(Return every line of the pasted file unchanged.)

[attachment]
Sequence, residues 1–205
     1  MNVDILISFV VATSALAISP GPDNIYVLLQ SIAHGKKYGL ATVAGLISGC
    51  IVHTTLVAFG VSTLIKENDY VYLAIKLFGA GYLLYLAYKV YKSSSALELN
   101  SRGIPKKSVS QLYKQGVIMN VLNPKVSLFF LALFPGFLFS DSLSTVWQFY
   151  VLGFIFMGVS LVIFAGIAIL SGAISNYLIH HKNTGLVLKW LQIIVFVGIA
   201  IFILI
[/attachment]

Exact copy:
Sequence, residues 1–205
     1  MNVDILISFV VATSALAISP GPDNIYVLLQ SIAHGKKYGL ATVAGLISGC
    51  IVHTTLVAFG VSTLIKENDY VYLAIKLFGA GYLLYLAYKV YKSSSALELN
   101  SRGIPKKSVS QLYKQGVIMN VLNPKVSLFF LALFPGFLFS DSLSTVWQFY
   151  VLGFIFMGVS LVIFAGIAIL SGAISNYLIH HKNTGLVLKW LQIIVFVGIA
   201  IFILI